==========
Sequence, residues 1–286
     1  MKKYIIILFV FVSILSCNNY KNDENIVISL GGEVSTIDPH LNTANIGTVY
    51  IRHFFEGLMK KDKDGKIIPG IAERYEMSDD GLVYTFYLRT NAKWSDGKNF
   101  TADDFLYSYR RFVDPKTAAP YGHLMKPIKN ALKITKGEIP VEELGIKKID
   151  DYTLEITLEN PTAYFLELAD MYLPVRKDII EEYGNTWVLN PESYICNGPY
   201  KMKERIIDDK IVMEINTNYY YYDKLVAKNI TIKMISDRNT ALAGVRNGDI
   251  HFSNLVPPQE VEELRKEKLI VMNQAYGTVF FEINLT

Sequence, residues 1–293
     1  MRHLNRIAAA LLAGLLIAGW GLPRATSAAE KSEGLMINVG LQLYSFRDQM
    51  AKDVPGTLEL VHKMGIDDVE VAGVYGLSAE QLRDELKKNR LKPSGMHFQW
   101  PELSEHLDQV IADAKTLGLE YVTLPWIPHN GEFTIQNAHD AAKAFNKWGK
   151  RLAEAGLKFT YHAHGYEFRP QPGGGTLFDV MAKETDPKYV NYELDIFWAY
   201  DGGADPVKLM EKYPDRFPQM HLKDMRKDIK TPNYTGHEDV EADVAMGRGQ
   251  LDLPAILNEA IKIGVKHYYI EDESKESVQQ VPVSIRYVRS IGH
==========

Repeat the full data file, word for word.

Sequence, residues 1–286
     1  MKKYIIILFV FVSILSCNNY KNDENIVISL GGEVSTIDPH LNTANIGTVY
    51  IRHFFEGLMK KDKDGKIIPG IAERYEMSDD GLVYTFYLRT NAKWSDGKNF
   101  TADDFLYSYR RFVDPKTAAP YGHLMKPIKN ALKITKGEIP VEELGIKKID
   151  DYTLEITLEN PTAYFLELAD MYLPVRKDII EEYGNTWVLN PESYICNGPY
   201  KMKERIIDDK IVMEINTNYY YYDKLVAKNI TIKMISDRNT ALAGVRNGDI
   251  HFSNLVPPQE VEELRKEKLI VMNQAYGTVF FEINLT

Sequence, residues 1–293
     1  MRHLNRIAAA LLAGLLIAGW GLPRATSAAE KSEGLMINVG LQLYSFRDQM
    51  AKDVPGTLEL VHKMGIDDVE VAGVYGLSAE QLRDELKKNR LKPSGMHFQW
   101  PELSEHLDQV IADAKTLGLE YVTLPWIPHN GEFTIQNAHD AAKAFNKWGK
   151  RLAEAGLKFT YHAHGYEFRP QPGGGTLFDV MAKETDPKYV NYELDIFWAY
   201  DGGADPVKLM EKYPDRFPQM HLKDMRKDIK TPNYTGHEDV EADVAMGRGQ
   251  LDLPAILNEA IKIGVKHYYI EDESKESVQQ VPVSIRYVRS IGH